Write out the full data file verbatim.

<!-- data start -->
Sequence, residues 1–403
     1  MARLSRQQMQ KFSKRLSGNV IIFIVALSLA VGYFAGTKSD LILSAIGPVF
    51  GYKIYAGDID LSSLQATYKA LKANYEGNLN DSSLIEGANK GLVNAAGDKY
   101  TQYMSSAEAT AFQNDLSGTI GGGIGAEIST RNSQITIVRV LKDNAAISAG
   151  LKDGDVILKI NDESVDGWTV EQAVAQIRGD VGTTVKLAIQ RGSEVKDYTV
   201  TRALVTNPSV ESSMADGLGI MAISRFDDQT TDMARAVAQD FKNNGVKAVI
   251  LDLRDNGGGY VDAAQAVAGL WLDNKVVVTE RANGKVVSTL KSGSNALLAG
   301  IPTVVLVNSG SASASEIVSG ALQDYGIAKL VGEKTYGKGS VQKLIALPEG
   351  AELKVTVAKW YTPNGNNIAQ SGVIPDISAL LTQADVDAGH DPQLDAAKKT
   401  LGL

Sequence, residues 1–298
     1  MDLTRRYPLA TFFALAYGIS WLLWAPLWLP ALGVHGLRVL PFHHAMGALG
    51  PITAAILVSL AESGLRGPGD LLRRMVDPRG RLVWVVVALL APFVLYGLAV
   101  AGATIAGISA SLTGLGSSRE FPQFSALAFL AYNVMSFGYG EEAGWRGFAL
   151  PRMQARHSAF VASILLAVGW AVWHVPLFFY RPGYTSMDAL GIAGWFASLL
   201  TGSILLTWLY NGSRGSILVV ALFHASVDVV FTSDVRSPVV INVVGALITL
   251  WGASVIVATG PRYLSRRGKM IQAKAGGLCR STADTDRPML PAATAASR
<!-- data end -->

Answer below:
Sequence, residues 1–403
     1  MARLSRQQMQ KFSKRLSGNV IIFIVALSLA VGYFAGTKSD LILSAIGPVF
    51  GYKIYAGDID LSSLQATYKA LKANYEGNLN DSSLIEGANK GLVNAAGDKY
   101  TQYMSSAEAT AFQNDLSGTI GGGIGAEIST RNSQITIVRV LKDNAAISAG
   151  LKDGDVILKI NDESVDGWTV EQAVAQIRGD VGTTVKLAIQ RGSEVKDYTV
   201  TRALVTNPSV ESSMADGLGI MAISRFDDQT TDMARAVAQD FKNNGVKAVI
   251  LDLRDNGGGY VDAAQAVAGL WLDNKVVVTE RANGKVVSTL KSGSNALLAG
   301  IPTVVLVNSG SASASEIVSG ALQDYGIAKL VGEKTYGKGS VQKLIALPEG
   351  AELKVTVAKW YTPNGNNIAQ SGVIPDISAL LTQADVDAGH DPQLDAAKKT
   401  LGL

Sequence, residues 1–298
     1  MDLTRRYPLA TFFALAYGIS WLLWAPLWLP ALGVHGLRVL PFHHAMGALG
    51  PITAAILVSL AESGLRGPGD LLRRMVDPRG RLVWVVVALL APFVLYGLAV
   101  AGATIAGISA SLTGLGSSRE FPQFSALAFL AYNVMSFGYG EEAGWRGFAL
   151  PRMQARHSAF VASILLAVGW AVWHVPLFFY RPGYTSMDAL GIAGWFASLL
   201  TGSILLTWLY NGSRGSILVV ALFHASVDVV FTSDVRSPVV INVVGALITL
   251  WGASVIVATG PRYLSRRGKM IQAKAGGLCR STADTDRPML PAATAASR